On Wednesday, the U.S. Supreme Court will deliberate on a legal principle related to how much authority federal agencies have when interpreting laws and making regulations.
The case involves herring fisheries in the Atlantic, but hearkens back to a bill crafted by Sen. Ted Stevens, and could impact a wide array of sectors, from healthcare to environmental regulation. It is one of the most closely watched cases of the Supreme Court’s docket this year.
In Loper Bright Enterprises, et al., Petitioners v. Gina Raimondo, Secretary of Commerce, the matter involves something called the “Chevron doctrine,” named after a 1984 Supreme Court ruling in Chevron v. Natural Resources Defense Council, which set the legal test for when U.S. courts must defer to a government agency’s interpretation of a law or statute.
In Chevron, the case was about the Clean Air Act, which required states that had not yet achieved national air quality standards to establish program to regulate and permit ew or modified major stationary sources of air pollution, such as manufacturing plants. The Environmental Protection Agency had passed a regulation under the Act that allows states to treat all pollution-emitting devices in the same industrial grouping as though they were a single “bubble.” A group of litigants led by the Natural Resources Defense Council challenged the bubble provision. The U.S. Court of Appeals for the D.C. Circuit set aside the EPA regulation as inappropriate for a program enacted to improve air quality. But the Supreme Court at the time, under Justice John Paul Stevens, said the bubble regulation was a reasonable interpretation of the term “stationary source” as referred to by the Clean Air Act.
The Chevron doctrine outlines a two-step process for courts to assess an agency’s interpretation of statute. Courts must decide if Congress had specifically addressed the issue in question. If the answer is no, the agency’s interpretation of how it interprets the law is considered reasonable.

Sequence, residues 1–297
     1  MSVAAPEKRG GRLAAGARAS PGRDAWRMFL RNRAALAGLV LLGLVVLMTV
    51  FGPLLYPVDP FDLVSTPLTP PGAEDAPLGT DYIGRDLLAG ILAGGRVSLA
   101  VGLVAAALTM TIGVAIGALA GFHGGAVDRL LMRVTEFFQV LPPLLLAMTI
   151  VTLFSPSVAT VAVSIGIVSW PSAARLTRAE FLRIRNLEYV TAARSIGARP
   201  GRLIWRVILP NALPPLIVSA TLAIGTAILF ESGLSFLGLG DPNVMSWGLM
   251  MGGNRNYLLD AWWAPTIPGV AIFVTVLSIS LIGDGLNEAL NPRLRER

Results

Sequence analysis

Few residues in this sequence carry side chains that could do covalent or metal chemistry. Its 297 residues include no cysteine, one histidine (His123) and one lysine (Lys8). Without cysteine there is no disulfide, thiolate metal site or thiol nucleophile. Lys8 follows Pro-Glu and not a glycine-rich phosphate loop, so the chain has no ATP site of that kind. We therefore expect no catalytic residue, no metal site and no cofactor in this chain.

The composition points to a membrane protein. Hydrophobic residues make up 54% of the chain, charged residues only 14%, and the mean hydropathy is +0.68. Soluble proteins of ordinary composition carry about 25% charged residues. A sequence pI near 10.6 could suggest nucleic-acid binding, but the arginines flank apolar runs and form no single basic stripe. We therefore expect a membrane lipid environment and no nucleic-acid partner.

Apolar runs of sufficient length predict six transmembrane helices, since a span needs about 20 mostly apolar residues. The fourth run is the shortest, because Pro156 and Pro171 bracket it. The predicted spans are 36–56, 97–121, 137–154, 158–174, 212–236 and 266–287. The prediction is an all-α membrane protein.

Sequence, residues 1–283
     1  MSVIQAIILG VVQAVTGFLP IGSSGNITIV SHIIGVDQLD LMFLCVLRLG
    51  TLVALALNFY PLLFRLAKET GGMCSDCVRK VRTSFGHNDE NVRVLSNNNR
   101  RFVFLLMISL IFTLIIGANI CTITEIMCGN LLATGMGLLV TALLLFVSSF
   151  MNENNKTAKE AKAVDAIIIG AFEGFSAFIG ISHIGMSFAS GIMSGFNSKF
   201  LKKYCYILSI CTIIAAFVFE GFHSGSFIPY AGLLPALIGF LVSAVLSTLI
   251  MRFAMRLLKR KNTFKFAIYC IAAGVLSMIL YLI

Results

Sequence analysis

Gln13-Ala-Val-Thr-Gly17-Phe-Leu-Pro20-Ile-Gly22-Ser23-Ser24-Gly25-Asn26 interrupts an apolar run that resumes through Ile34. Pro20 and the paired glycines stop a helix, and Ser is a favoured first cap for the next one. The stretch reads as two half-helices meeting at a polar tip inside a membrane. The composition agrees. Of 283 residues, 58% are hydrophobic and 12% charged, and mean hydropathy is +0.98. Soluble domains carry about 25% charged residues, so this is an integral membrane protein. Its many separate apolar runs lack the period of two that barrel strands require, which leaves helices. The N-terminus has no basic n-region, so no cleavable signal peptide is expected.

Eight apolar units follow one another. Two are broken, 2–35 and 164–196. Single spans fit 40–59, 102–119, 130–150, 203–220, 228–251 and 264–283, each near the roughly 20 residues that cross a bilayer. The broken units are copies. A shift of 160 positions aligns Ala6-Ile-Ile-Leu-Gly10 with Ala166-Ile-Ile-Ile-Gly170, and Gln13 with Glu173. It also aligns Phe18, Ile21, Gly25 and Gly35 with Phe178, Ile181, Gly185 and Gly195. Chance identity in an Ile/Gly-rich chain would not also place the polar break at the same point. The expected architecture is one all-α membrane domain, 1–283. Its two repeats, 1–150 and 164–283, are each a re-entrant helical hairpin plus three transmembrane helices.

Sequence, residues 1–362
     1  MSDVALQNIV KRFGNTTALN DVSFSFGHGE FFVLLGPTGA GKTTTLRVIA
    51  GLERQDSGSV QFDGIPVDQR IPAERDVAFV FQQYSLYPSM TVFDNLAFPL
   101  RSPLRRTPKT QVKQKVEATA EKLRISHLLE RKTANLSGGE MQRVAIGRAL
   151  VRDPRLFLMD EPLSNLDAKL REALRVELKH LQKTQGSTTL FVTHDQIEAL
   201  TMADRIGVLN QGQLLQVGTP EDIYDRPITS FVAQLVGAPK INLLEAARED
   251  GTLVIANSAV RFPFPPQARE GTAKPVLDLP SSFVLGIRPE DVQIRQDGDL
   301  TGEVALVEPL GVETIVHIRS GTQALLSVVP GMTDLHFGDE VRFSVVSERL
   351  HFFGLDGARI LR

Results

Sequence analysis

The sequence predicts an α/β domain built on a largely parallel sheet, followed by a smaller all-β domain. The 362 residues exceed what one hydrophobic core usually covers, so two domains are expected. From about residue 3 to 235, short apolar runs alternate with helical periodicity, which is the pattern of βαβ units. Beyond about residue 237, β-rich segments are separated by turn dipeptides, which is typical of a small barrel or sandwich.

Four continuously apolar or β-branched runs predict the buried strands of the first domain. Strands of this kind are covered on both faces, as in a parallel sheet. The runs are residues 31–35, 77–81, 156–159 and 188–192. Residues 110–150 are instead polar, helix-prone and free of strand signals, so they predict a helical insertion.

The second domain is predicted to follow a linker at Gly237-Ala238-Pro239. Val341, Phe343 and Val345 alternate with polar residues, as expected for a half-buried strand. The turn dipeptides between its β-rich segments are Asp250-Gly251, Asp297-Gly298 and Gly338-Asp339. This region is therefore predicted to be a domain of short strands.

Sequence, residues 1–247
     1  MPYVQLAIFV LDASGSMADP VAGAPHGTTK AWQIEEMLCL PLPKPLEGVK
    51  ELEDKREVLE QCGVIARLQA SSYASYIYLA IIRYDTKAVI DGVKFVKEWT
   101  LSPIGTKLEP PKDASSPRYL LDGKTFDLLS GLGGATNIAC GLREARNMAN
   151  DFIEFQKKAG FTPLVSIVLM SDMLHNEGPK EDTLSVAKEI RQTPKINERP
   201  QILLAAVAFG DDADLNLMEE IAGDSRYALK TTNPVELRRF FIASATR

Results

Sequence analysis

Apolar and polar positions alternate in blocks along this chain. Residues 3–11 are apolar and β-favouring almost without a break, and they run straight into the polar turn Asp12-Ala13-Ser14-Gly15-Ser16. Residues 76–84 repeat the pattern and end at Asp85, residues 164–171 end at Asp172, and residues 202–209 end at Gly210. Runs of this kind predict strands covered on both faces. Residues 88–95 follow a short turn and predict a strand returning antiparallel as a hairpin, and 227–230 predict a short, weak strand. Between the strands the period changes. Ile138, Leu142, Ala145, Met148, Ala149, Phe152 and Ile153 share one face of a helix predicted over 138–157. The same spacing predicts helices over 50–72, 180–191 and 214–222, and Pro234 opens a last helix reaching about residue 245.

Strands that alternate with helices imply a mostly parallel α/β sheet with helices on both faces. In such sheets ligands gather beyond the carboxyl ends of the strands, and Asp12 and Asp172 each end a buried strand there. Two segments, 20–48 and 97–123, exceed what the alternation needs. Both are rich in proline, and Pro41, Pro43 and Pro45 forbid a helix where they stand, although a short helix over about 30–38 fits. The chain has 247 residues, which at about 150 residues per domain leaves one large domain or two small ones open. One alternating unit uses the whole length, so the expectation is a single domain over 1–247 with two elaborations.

Over time, the Chevron doctrine has become a cornerstone of federal administrative law, and has been referred to in over 18,000 court cases. Conservatives have been highly critical of the law, which gives bureaucrats vast powers over the private sector that it regulates.
This is the first time since 2016 the high court has agreed to reconsider the doctrine. In Wednesday’s arguments, the fishing company Loper Bright Enterprises challenged a rule made by the National Marine Fisheries Service under the Magnuson-Stevens Act, a law crafted by Alaska Sen. Ted Stevens and Washington Sen. Warren Magnuson in the 1970s.
The rule promulgated under the Magnuson-Stevens Act forces the fishing industry to fund observer costs at $710 per day for data collection. This forced fee is being contested by the fishing companies that argue that the NMFS rule and data collection fee exceeds the Act’s authority.
Both the district court and the U.S. Court of Appeals for the District of Columbia Circuit upheld the agency, applying the Chevron doctrine, although applying different reasons.
In November 2022, Loper-Bright petitioned the Supreme Court to review the D.C. Circuit’s decision and reconsider the Chevron doctrine. The case was accepted in May 2023. The Supreme Court added a related case, Relentless, Inc. v. Department of Commerce, to its docket.
The fisheries are represented by former U.S. Solicitor General Paul Clement and lawyers from Cause of Action, a New Jersey public-interest firm.
Joining the case on behalf of fishing families and companies are Americans for Prosperity, The Foundation for Government Accountability, American Cornerstone Institute, Competitive Enterprise Institute and Manhattan Institute, Chamber of Commerce of the United States of America, Buckeye Institute and National Federation of Independent Business Small Business Legal Center, Inc., the Cato Institute, and dozens of other entities, including U.S. Senator Ted Cruz, House Speaker Mike Johnson, and 34 other members of Congress.
Environmental groups are arguing as friends of the government’s side. Environmental Defense Fund, Ocean Conservancy, Save the Sound, and others have taken up the cause to protect the Chevron doctrine.